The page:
`Burning Man’ Hires a Voice to Amplify ‘Radical Self-Expression’

  • Event promoting ‘radical self-expression’ hires a lobbyist
  • Government said past events left too much trash behind

Organizers of the Burning Man desert free-for-all landed in hot water with federal officials for leaving behind too much garbage. The feds also raised red flags about drug use.

With a dream of adding tens of thousands more revelers in the future, planners took no chances.

They hired a lobbyist.

The international law and lobbying firm Holland & Knight has been representing Burning Man Project since May, according to recently filed federal disclosure forms.

It’s the first time the San Francisco-based organization behind the weeklong music and art event has hired a Washington advocate to work on “permitting approval.”

“When you build a city on the playa every August, you need to be talking to all levels of BLM [Bureau of Land Management], Interior and Capitol Hill,” Rich Gold, who leads Holland & Knight’s public policy & regulation group, said in an email.

Gold is one of the lobbyists on the account.

(Photo by David McNew/Newsmakers)
Revelers dance around the burning remains of a 52-foot tall wooden man during one of the Burning Man festivals in the Black Rock Desert near Gerlach, Nevada.

Earlier this month, the Bureau of Land Management denied a request to let the event expand to 100,000 people, up from 80,000.

BLM has said the amount of trash left behind in 2018 exceeded the limits in the contract signed by Burning Man, which lists among its principles “leaving no trace,” “civic responsibility,” and “radical self-reliance.”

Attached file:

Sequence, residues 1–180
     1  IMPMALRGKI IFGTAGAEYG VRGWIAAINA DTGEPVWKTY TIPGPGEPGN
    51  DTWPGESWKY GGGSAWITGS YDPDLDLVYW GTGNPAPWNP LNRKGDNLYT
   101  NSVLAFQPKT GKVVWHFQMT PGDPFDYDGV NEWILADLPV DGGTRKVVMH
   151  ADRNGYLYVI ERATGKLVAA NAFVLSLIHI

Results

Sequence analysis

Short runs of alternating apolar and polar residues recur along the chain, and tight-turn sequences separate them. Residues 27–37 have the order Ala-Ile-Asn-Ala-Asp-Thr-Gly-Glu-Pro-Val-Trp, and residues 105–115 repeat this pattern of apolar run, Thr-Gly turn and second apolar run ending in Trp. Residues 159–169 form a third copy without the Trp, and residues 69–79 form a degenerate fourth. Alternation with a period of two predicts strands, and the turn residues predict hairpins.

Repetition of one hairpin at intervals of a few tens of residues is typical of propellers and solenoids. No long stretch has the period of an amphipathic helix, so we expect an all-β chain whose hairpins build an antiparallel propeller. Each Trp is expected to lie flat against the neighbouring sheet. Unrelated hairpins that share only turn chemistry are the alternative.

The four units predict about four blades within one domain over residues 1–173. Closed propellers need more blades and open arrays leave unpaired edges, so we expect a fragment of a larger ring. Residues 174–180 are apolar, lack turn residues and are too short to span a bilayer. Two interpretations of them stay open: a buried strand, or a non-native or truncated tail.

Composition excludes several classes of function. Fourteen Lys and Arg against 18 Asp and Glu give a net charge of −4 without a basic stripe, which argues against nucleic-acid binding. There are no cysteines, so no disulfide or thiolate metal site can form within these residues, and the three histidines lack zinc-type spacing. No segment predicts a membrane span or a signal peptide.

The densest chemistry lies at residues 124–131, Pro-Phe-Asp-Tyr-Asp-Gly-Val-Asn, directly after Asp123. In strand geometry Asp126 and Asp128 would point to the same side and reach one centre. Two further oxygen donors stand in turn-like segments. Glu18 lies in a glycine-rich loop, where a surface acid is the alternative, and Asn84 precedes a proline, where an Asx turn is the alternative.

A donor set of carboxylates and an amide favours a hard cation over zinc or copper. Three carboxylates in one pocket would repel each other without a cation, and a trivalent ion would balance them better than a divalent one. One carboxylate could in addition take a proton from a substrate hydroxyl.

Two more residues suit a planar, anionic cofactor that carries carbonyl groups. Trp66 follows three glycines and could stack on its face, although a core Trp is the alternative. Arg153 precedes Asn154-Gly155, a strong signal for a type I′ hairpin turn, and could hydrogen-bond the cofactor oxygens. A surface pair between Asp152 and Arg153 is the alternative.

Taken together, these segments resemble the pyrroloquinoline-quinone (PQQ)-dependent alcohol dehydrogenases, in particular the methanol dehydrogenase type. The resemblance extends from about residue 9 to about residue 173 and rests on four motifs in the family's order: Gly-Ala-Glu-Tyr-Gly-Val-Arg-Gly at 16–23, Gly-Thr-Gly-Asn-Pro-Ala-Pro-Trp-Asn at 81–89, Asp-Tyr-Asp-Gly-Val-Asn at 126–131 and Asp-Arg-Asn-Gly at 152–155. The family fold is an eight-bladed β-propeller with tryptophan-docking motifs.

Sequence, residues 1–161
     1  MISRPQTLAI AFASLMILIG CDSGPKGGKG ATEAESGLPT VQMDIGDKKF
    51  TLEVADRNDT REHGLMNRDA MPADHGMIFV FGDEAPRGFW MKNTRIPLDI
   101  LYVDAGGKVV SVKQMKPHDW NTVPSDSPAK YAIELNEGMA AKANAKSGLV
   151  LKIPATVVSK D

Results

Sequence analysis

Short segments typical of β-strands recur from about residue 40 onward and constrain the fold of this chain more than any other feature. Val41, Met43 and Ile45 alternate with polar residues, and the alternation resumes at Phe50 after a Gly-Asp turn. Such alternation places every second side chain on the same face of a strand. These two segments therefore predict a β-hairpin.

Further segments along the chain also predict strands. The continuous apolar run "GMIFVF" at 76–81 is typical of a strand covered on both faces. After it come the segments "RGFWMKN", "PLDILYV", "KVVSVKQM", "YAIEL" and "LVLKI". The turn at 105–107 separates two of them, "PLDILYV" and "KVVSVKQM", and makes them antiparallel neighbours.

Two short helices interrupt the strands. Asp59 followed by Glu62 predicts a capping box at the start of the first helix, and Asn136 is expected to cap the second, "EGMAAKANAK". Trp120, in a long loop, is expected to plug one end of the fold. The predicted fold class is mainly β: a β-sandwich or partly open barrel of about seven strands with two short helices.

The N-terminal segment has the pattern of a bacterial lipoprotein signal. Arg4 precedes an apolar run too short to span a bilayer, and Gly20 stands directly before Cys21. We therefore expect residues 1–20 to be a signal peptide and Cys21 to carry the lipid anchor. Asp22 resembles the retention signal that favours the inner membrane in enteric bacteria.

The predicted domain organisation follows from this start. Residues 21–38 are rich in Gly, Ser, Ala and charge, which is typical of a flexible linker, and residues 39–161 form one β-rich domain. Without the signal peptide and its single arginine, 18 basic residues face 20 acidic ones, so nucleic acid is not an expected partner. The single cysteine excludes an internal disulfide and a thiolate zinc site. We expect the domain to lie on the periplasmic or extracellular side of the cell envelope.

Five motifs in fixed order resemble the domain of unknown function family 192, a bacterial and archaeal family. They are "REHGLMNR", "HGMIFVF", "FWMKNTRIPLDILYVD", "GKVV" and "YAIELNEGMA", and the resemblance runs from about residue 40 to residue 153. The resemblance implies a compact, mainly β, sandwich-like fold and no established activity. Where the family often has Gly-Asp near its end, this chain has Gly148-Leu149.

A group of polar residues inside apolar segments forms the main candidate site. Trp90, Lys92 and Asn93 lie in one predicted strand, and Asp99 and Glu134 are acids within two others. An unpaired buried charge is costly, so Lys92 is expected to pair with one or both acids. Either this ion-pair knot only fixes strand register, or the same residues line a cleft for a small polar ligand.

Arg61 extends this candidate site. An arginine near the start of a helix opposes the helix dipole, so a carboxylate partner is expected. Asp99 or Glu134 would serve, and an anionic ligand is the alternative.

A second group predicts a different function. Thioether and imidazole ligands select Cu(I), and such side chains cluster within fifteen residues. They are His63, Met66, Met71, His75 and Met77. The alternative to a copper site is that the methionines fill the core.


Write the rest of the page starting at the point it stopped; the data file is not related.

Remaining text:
In the part of the Black Rock Desert outside Reno, Nev., where a human effigy was set on fire, 7 square feet of garbage was left behind. The contract allows for 1 square foot per acre.

BLM has suggested more oversight of the event, including a private security firm to screen for drugs and other illegal items. No screening will be required this year, though.

“This proposal from BLM represents a massive shift from Burning Man’s 30-year history,” according to a blog post. “It also subjects a peaceable gathering of people to searches without probable cause other than a desire to attend Burning Man.”

Organizers also pushed back on a proposal to put dumpsters in Black Rock City, with commenters saying it could lead to more environmental damage. BLM said it wouldn’t install the dumpsters if attendees did a better job of cleaning up after themselves.

To contact the reporter on this story: Megan R. Wilson in Washington at mwilson@bgov.com

To contact the editors responsible for this story: Katherine Rizzo at krizzo@bgov.com; Heather Rothman at hrothman@bgov.com